From an AWS ec2 instance (which runs docker), I am trying to curl my docker container-hosted web service.


[ec2-user]$ docker ps
CONTAINER ID        IMAGE                                                                COMMAND                  CREATED             STATUS              PORTS                                        NAMES
b56fa0d76d5c        $REGISTRY/$WORK/metrics:v0.1.0   "/bin/sh -c 'sh /root"   3 minutes ago       Up 3 minutes>80/tcp,>9000/tcp   insane_leakey

I can hit the web service from within the container:

[ec2-user]$ docker exec -it b56fa0d76d5c bash
root@b56fa0d76d5c:/# curl 'http://localhost/health'
Request is missing required query parameter 'apiName' 

But, I can't hit it from the host:

[ec2-user]$ curl 'http://localhost/health'
curl: (56) Recv failure: Connection reset by peer

I looked at this detailed answer on this curl error, but I'm not sure how to debug this issue.


Connection Reset to a Docker container usually indicates that you've defined a port mapping for the container that does not point to an application.

So, if you've defined a mapping of 80:80, check that your process inside the docker instance is in fact running on port 80 (netstat -an|grep LISTEN).

You get a reset as the Docker 'proxy' picks up the connection, attempts to connect to the process inside the container, fails, so resets the connection.

  • No netstat on the container, but I ran: ss -a | grep -i LIST to output tcp LISTEN 0 100 ::ffff: :::*. If I read that output correctly, then it's listening on localhost:80? – Kevin Meredith Apr 11 '16 at 18:45
  • 7
    Actually, stackoverflow.com/a/26553296/409976 fixed my issue, i.e. using "" as the interface, not "localhost". – Kevin Meredith Apr 11 '16 at 19:10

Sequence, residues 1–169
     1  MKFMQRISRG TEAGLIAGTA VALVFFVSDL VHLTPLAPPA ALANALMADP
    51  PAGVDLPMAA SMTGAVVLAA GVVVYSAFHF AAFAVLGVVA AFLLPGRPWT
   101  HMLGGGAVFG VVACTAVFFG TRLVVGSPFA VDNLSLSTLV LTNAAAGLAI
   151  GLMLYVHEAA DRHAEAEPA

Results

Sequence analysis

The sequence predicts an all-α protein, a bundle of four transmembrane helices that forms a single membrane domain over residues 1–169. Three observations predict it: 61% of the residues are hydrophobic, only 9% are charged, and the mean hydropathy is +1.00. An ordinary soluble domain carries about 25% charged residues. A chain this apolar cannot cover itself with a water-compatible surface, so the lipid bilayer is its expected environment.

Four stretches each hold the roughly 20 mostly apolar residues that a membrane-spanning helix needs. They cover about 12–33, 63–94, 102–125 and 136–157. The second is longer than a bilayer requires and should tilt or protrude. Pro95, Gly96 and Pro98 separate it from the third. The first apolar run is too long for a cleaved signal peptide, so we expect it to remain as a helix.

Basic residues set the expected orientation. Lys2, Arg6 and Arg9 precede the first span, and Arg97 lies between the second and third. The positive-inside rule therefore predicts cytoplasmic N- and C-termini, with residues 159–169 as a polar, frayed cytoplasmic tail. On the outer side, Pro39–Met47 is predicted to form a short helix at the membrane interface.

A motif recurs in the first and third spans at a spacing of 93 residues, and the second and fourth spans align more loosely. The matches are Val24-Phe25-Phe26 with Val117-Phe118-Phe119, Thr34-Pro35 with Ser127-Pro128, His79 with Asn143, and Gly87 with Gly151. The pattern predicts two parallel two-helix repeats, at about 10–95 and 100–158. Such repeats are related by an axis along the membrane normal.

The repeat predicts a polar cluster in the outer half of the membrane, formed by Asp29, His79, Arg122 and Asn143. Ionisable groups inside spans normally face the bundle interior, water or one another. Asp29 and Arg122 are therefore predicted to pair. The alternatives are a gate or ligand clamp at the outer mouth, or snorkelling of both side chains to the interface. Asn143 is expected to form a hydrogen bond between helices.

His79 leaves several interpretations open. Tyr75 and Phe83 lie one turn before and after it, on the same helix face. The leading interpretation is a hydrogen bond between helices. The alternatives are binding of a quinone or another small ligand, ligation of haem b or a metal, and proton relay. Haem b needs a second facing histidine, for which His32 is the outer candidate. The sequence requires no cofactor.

• 6
    Thanks Jason. Your solution wasn't an actual fix for me, but it lead me to the issue. This happened to me because the service started on (inside container) and it wasn't "published" because of the IP. So I changed it to and then it started to work from outside of the container. You need to have the 9200 port exposed, but I'm sure you already know that. – Tomáš Tibenský May 18 '17 at 12:57
  • @KevinMeredith : Thanks for that.. been struggling for past 4 hours coz of that!!! – aman_novice Jul 18 '17 at 16:03
  • @KevinMeredith I still can't make it work after changing host to – RandomEli Sep 20 '17 at 17:35

You can investigate this by installing tshark on the container and then do tshark -i any:

If you then do a request externally you should see something like the below:

root@618910b515f0:/code# tshark -i any
Running as user "root" and group "root". This could be dangerous.
Capturing on 'any'
tshark: cap_set_proc() fail return: Operation not permitted

tshark: cap_set_proc() fail return: Operation not permitted

    1 0.000000000 →   TCP 76 45844 → 8001 [SYN] Seq=0 Win=29200 Len=0 MSS=1460 SACK_PERM=1 TSval=820044004 TSecr=0 WS=128
    2 0.000019457 →   TCP 56 8001 → 45844 [RST, ACK] Seq=1 Ack=1 Win=0 Len=0

The network packet came in but it responded with a RST, which means it was rejected.

Most probably you're listening on rather than - all IPs.

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